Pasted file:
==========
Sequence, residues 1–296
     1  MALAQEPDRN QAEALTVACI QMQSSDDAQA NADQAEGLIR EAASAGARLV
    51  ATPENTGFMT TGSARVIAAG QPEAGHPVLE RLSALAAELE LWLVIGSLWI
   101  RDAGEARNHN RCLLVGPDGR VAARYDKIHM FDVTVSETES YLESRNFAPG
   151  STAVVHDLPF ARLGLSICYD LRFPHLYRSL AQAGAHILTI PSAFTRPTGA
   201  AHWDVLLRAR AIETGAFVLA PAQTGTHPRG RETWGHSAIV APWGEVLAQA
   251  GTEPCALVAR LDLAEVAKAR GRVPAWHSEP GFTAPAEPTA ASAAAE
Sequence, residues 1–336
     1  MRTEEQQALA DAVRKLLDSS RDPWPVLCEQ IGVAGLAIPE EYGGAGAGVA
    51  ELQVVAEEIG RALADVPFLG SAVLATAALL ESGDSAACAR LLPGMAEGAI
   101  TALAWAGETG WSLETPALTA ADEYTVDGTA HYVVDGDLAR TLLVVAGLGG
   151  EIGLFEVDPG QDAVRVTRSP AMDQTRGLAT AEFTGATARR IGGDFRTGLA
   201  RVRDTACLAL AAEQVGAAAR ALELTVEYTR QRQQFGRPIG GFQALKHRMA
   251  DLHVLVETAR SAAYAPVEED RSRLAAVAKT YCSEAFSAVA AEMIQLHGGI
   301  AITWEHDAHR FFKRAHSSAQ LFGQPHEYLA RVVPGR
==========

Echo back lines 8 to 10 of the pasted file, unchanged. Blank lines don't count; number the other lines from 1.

Sequence, residues 1–336
     1  MRTEEQQALA DAVRKLLDSS RDPWPVLCEQ IGVAGLAIPE EYGGAGAGVA
    51  ELQVVAEEIG RALADVPFLG SAVLATAALL ESGDSAACAR LLPGMAEGAI